Tip 3: Centralize information
First of all, you should try to reduce the sources of information by structuring, cutting, organizing and sharing those that are relevant and useful for your activity in a single tool. It is important to define the clear objectives you want to achieve for the success of your business and then accept the idea that you cannot see and process everything on your own.
Centralizing information means above all knowing how to empower your collaborators and give them autonomy. For example, you can integrate a solution that emphasizes collaborative work in the company to increase productivity by 20 to 25%: all collaborators are included in the process and are kept informed of the progress of the various projects; information is shared in the solution and everything is updated in real time.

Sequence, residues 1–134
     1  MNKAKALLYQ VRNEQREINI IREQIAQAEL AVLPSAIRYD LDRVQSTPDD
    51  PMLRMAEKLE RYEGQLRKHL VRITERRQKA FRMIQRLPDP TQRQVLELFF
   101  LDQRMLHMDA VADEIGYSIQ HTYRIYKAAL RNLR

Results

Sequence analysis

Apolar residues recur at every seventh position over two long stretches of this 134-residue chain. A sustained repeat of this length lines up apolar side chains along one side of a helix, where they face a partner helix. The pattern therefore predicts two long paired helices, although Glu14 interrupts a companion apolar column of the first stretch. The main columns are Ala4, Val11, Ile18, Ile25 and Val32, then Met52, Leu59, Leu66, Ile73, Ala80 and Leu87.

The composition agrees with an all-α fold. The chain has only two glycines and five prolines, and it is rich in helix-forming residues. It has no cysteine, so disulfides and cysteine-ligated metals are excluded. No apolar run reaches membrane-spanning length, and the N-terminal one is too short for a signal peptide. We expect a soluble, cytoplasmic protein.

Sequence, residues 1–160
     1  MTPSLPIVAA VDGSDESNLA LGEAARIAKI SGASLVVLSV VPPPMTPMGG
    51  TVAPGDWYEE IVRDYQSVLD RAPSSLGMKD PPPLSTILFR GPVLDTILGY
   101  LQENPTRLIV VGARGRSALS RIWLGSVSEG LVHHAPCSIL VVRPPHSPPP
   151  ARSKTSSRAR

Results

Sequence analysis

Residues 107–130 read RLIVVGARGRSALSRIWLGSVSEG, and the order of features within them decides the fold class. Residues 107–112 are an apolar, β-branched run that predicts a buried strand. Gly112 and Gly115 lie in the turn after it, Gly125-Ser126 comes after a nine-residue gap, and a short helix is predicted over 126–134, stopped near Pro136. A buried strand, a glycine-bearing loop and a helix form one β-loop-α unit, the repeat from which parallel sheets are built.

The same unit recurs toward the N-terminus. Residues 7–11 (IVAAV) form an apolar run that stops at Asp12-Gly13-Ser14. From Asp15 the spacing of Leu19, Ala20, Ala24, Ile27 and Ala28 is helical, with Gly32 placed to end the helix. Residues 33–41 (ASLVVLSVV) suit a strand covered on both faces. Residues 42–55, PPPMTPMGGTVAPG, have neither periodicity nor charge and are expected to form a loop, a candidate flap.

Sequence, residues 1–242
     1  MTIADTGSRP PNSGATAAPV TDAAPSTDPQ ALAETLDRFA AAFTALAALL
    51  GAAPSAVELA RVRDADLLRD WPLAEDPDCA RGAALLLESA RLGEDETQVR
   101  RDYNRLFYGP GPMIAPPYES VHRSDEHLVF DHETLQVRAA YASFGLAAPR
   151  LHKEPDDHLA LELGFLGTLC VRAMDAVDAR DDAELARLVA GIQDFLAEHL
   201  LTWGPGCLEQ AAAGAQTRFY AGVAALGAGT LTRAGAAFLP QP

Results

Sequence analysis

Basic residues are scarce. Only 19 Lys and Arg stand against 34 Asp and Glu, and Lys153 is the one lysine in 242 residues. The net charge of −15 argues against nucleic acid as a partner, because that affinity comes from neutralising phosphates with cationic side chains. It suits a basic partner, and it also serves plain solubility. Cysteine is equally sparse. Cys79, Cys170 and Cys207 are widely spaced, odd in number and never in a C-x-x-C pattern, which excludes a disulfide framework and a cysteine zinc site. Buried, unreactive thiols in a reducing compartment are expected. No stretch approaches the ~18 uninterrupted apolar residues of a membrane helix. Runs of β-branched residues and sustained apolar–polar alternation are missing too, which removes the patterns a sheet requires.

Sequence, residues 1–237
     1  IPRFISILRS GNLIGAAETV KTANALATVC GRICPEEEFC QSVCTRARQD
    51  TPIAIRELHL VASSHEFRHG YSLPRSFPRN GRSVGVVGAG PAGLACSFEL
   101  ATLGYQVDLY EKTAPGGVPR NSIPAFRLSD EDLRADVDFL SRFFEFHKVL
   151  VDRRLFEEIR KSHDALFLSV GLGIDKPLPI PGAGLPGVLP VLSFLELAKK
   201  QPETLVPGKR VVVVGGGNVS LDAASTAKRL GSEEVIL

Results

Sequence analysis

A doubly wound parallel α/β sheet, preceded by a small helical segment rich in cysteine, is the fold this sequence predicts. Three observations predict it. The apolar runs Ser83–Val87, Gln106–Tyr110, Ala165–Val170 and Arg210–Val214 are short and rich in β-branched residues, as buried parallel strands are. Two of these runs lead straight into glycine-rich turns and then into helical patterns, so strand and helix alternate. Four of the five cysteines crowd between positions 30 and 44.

As a manager, your role is to become a real support for your employees, relieve the pressure and less control to be able to delegate tasks to them. The objective is to get rid of what is less important to you and to accept the risk of trusting your collaborators.
62% of French employees express a strong expectation regarding the regulation of the use of digital tools – of a collaborative type – and even more of them are demanding this type of regulation among managers with 75% (according to an Eleas survey “Digital Practices in 2016”).
These figures reflect the informational urgency in which we live every day and the importance of knowing how to equip ourselves with the right tool to deal with it.
To go further, read the articles on The importance of having a good tool to manage your activity.